We truly understand and appreciate the funding concerns that all DB plan sponsors are challenged with at this time. However, we are particularly focused on the issues surrounding public pension funds, as they are getting crushed with the doubly whammy of falling asset levels and potentially skyrocketing contribution expenses, in an environment of plummeting sources of revenue, as the closing of the US economy significantly reduces tax and fee revenues.
Senate Majority “Leader” Mitch McConnell and the Republican Senate, don’t appear to be willing to provide assistance to states and municipalities at this time. In fact, McConnell is quoted as saying that he would prefer that states file for bankruptcy rather than receive a Federal bail-out despite the fact that everyone else is getting one at this time. Having US states declare bankruptcy was roundly panned by both Republican and Democratic governors during and after the Great Financial Crisis, as this action would cause disruption to bond markets, while simultaneously driving interest rates higher and raising the cost of borrowing at a time when every dollar matters. Why is it acceptable now?
Given that the financial position of many US states is precarious at best, state and municipal pension systems need time to weather this storm. As we shared during the Opal/Ryan ALM webinars (4/15 and 4/22), one of the significant advantages of using a cash flow matching strategy (CDI) to meet promised benefit payments is that it buys time (extends the investing horizon) for the alpha assets to perform. This extension, which keeps the plan from forcing liquidity where it doesn’t naturally exist, allows the plan’s assets to recover from the significant draw-down experienced year-to-date, but also provides an extended time frame for all of the private assets that have found their way into plans.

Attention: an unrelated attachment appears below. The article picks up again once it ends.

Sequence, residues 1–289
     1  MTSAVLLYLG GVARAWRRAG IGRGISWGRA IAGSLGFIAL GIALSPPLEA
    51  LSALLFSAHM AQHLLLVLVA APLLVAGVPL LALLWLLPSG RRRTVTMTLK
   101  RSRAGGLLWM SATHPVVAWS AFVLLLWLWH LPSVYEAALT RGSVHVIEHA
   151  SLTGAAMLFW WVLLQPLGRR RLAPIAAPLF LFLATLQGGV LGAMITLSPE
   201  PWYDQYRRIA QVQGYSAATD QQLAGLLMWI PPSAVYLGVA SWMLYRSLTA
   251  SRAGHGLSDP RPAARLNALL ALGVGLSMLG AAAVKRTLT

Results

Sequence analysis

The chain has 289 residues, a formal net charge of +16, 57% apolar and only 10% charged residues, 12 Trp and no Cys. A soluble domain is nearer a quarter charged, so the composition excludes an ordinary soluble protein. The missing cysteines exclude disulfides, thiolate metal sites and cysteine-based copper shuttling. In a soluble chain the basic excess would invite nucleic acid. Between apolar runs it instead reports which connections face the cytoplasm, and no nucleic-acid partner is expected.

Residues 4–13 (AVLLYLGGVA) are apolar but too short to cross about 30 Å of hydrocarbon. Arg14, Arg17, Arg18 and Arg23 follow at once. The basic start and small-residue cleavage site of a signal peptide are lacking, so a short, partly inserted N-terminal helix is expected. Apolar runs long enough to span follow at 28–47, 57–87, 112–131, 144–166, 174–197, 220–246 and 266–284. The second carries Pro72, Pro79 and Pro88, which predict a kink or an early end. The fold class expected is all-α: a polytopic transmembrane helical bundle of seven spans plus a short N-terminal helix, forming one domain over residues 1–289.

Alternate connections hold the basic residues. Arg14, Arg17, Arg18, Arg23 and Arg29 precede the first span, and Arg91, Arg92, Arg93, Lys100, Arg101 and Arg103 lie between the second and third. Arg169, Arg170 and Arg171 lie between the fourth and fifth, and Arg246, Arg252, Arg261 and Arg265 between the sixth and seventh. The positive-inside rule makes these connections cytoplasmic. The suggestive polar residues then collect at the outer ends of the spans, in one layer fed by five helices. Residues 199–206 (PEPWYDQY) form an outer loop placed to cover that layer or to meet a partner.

The cash flow matching portfolio (beta assets) will be used to meet on-going monthly benefit payments for as long as the current allocation to fixed income can support. With little disruption, a CDI portfolio can be implemented that won’t impact the return on asset assumption (ROA) or the plan’s asset allocation. In fact, it is highly likely that the Ryan ALM CDI portfolio will out-yield the current core fixed income account, thus improving the plan’s ability to achieve the ROA target, at lower cost – management fees and transaction costs. In fact, the conversion from an active, highly interest-rate fixed income portfolio to a CDI approach is quite simple, as the existing portfolio can be transferred-in-kind to us for conversion, saving more money in the process.
It is truly understandable why trustees might be feeling overwhelmed at this time from the negative impact of the Covid-19 virus. They are dealing with falling asset levels, falling interest rates that impact the true liability cost, the likelihood of escalating contribution expenses in an environment of challenged revenue sources, and concern for themselves, family members, and colleagues. It would be enough for anyone to want to go into a bunker. Please don’t. By making this simple (really) conversion from active fixed income to a CDI approach the plan sponsor buys critical time needed to help the plan navigate these troubled waters. But, they also create an enhanced asset allocation process that secures benefits, improves liquidity, eliminates interest rate risk, and likely out-yields the current capability, thus enhancing the ability to achieve the ROA. That is a lot of reward for not a lot of effort. Skeptical? Call us or check us out at RyanALM.com.